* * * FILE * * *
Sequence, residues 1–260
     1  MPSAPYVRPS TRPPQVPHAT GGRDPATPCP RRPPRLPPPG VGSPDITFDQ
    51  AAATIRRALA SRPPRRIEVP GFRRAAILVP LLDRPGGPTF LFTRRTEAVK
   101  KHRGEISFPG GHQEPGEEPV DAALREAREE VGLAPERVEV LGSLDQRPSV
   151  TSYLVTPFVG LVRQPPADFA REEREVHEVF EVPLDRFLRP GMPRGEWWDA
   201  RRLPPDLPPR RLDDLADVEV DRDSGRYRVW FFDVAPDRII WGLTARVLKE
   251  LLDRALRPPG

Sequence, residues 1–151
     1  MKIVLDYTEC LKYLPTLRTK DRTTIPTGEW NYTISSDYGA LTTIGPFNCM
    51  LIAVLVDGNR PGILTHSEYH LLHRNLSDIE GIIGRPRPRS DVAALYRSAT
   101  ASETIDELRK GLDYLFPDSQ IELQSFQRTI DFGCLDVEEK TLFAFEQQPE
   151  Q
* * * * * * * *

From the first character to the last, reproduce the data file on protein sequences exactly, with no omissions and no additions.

Sequence, residues 1–260
     1  MPSAPYVRPS TRPPQVPHAT GGRDPATPCP RRPPRLPPPG VGSPDITFDQ
    51  AAATIRRALA SRPPRRIEVP GFRRAAILVP LLDRPGGPTF LFTRRTEAVK
   101  KHRGEISFPG GHQEPGEEPV DAALREAREE VGLAPERVEV LGSLDQRPSV
   151  TSYLVTPFVG LVRQPPADFA REEREVHEVF EVPLDRFLRP GMPRGEWWDA
   201  RRLPPDLPPR RLDDLADVEV DRDSGRYRVW FFDVAPDRII WGLTARVLKE
   251  LLDRALRPPG

Sequence, residues 1–151
     1  MKIVLDYTEC LKYLPTLRTK DRTTIPTGEW NYTISSDYGA LTTIGPFNCM
    51  LIAVLVDGNR PGILTHSEYH LLHRNLSDIE GIIGRPRPRS DVAALYRSAT
   101  ASETIDELRK GLDYLFPDSQ IELQSFQRTI DFGCLDVEEK TLFAFEQQPE
   151  Q